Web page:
Poison ivy, oak and sumac are notorious for causing hives. I’ve seen this a few times this week in my office. The allergic reaction is due to urushiol, colorless oil in the leaves, stem, root and sap of the plant. When the urushiol is exposed to air it turns brown and will leave brown spots on the leaves.
How can you get exposed? … lots of ways.
- Direct contact with the plant
- Breathing in the smoke of burning plants
- Touching clothing that has been exposed
- Touching an animal that has been exposed
What are the symptoms? Intense itching, redness, blister formation, swelling.
How long does it take to have a reaction? Symptoms typically occur after several hours to a few days after exposure to the plant oil.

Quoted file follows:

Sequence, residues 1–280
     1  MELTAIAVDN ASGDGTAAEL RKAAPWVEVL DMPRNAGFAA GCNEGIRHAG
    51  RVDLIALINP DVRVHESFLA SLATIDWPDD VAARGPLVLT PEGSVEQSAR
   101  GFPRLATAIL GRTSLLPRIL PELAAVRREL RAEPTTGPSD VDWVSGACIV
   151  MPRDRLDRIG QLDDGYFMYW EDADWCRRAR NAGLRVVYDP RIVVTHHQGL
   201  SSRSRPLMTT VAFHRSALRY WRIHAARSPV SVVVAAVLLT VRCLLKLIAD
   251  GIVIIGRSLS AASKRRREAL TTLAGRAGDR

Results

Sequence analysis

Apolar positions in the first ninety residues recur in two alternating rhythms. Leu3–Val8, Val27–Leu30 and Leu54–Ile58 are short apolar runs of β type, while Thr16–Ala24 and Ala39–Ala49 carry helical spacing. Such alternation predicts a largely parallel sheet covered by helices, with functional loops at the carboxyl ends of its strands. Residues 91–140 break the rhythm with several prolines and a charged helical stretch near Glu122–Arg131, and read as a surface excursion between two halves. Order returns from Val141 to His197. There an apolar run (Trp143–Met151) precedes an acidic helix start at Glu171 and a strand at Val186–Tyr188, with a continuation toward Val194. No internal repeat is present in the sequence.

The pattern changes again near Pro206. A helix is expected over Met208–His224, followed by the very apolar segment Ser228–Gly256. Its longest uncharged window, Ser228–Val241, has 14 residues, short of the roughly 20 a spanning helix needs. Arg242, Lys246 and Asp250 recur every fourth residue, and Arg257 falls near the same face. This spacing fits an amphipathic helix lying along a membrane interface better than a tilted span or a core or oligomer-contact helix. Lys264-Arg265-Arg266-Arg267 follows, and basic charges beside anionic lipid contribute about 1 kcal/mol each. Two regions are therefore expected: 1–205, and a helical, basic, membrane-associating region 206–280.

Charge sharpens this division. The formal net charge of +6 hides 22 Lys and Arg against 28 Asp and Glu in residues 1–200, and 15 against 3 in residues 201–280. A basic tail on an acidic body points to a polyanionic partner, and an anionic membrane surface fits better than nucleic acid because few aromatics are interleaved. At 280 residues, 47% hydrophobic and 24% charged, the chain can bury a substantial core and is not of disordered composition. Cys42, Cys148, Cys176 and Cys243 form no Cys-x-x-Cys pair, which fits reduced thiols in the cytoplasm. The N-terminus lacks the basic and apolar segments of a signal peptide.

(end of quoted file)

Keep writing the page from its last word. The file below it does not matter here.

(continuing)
How long does the reaction last? A few days or up to three weeks.
To be certain of diagnosis and a treatment plan for you… see your doctor.
Are you contagious? No.
- The rash itself is not contagious.
- The fluid that leaks from the blisters is not contagious.
- The rash can only be transferred to another person if the oil is still on the body.
- So, if you think you have had contact with one of these plants, clean all clothing, bedding and objects that the person has touched.
What is treatment? How to get relief? Benadryl, an antihistamine, can help cause sleepiness (which can feel like relief when you are itchy/scratchy). Hydroxyzine may help more with itching and also cause sleepiness. Calamine lotion and medications like Domeboro and Burrow’s solution can help decrease weeping of blisters and relieve itching. Your doctor can prescribe steroid cream or pills which may be indicated if the rash is widespread.
How to avoid poison ivy? “Leaves of three, leave them be.” This means avoid the plants with three leaves on each stem as this is what they look like. Wear long-sleeved clothing, pants, and gloves to protect your skin. If you do come into contact with poison ivy, wash your skin immediately (within 15 minutes and don’t rub or scrub the skin.